shellunixfindzipunzip

Find all zips, and unzip in place - Unix


I have been trying for some time and believe I am fairly close to this, but I am fairly new to Unix so have been finding this difficult.

I have a folder, containing many folders, some of which have zip files in them, some which don't. I am trying to unzip all of the zip files in any sub directories in place.

For example I have:

files/A/something.java

files/B/somezipfile.zip

files/C/someotherfile.zip

files/D/AnotherZipFile.zip

I would like to unzip them (assuming the zips contain just .java files), to have a result like: files/A/something.java

files/B/javafile.java

files/C/someotherfilefromzip.java

files/D/Anotherfile.java

I don't mind if the ZIP files remain or are deleted after unzipping, either is fine.

What I have tried so far.

  1. I expected I could use piping, which I am new to, like this:

     find . -name *.zip | unzip
    

    This doesn't work.

  2. I spent some time searching, the closest I got using a solution online is:

     find . -name '*.zip' -exec unzip '{}' ';'
    

    This unzips, but unzips them into the current working directory, I wanted them to unzip in place. I also don't understand this command which I would like to as I am trying to learn.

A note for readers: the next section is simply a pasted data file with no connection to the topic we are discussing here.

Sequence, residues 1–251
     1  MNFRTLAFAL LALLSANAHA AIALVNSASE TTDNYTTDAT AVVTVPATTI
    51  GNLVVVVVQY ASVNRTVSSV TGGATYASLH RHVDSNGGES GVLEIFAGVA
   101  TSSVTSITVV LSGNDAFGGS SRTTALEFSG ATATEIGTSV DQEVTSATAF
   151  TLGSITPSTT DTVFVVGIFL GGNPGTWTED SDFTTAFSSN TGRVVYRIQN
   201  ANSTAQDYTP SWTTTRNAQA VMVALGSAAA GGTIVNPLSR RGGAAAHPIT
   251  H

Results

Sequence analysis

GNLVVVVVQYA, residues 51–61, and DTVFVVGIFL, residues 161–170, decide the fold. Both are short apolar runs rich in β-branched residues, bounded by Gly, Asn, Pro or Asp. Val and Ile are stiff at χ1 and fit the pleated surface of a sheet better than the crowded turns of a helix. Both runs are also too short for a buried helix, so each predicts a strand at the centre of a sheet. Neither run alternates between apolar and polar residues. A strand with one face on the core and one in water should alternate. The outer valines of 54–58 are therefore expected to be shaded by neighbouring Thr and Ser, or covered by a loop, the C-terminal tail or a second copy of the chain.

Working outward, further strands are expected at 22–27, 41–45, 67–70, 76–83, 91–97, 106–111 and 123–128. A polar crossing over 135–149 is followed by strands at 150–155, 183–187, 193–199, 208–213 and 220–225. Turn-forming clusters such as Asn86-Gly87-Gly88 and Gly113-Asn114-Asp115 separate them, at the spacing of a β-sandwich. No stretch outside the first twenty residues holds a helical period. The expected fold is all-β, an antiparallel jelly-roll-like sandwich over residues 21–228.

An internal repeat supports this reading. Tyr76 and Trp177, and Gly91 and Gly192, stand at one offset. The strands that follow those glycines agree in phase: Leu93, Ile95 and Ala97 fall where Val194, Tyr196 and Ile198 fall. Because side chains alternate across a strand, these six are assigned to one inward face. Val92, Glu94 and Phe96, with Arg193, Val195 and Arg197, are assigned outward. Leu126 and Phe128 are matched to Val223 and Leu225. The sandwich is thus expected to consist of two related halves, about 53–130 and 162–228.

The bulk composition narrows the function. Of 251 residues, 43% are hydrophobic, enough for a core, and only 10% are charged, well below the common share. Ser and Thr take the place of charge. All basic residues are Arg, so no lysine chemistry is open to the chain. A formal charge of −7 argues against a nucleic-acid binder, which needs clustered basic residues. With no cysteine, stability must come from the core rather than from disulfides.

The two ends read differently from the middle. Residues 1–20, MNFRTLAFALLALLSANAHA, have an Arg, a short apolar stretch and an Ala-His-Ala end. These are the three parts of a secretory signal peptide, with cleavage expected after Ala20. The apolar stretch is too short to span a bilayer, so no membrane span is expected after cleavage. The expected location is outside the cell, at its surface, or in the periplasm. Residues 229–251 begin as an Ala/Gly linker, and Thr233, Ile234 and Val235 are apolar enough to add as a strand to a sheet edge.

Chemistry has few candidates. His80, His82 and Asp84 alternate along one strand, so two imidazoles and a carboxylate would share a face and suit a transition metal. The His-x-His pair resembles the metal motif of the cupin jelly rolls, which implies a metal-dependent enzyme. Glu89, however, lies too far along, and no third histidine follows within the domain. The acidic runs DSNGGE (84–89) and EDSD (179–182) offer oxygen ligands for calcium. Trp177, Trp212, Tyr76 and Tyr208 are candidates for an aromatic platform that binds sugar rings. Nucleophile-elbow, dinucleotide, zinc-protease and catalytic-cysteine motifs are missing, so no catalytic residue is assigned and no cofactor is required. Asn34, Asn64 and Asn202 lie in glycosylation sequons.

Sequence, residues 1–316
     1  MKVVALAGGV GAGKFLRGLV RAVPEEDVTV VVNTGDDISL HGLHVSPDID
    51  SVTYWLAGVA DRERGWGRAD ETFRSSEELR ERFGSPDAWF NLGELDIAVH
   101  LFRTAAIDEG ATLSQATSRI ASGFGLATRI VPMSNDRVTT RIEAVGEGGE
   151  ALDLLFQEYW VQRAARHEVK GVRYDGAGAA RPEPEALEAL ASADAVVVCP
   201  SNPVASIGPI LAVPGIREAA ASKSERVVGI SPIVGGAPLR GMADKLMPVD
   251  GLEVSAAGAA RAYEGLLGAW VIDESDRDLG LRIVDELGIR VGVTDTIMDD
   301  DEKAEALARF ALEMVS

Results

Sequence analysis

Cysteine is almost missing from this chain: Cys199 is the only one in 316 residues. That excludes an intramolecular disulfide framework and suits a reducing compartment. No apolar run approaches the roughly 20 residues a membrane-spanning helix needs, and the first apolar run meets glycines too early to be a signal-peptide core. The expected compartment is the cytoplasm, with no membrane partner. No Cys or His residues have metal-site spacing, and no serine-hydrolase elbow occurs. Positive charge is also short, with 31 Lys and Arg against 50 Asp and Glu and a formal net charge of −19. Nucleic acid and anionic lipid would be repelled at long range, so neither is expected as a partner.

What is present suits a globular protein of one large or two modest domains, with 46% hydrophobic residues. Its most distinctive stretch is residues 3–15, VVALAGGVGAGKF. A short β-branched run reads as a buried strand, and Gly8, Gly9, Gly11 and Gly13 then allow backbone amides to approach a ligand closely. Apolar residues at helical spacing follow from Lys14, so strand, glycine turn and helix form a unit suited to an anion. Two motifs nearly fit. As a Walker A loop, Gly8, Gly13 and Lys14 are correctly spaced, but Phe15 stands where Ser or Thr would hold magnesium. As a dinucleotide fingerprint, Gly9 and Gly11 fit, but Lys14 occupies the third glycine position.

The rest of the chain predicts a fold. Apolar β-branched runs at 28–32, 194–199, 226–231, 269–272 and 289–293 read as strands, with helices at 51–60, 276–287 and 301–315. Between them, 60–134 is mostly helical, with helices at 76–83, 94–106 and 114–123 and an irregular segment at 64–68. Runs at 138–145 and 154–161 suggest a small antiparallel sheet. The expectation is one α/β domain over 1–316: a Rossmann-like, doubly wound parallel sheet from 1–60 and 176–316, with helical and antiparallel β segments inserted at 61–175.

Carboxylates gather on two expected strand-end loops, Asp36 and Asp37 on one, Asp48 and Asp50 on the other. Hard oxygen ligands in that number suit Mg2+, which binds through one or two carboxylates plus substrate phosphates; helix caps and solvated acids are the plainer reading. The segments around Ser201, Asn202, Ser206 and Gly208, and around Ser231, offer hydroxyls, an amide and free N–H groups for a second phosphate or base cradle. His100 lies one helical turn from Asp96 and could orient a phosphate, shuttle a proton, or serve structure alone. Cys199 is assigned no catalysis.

Solution

  • find . -name '*.zip' -exec sh -c 'unzip -d `dirname {}` {}' ';'
    

    This command looks in current directory and in its subdirectories recursively for files with names matching *.zip pattern. For file found it executes command sh with two parameters:

    -c
    

    and

    unzip -d `dirname <filename>` <filename>
    

    Where <filename> is name of file that was found. Command sh is Unix shell interpreter. Option -c tells shell that next argument should be interpreted as shell script. So shell interprets the following script:

    unzip -d `dirname <filename>` <filename>
    

    Before running unzip shell expands the command, by doing various substitutions. In this particular example it substitutes

    `dirname <filename>`
    

    with output of command dirname <filename> which actually outputs directory name where file is placed. So, if file name is ./a/b/c/d.zip, shell will run unzip like this:

    unzip -d ./a/b/c ./a/b/c/d.zip
    

    In case you ZIP file names or directory names have spaces, use this:

    find . -name '*.zip' -exec sh -c 'unzip -d "`dirname \"{}\"`" "{}"' ';'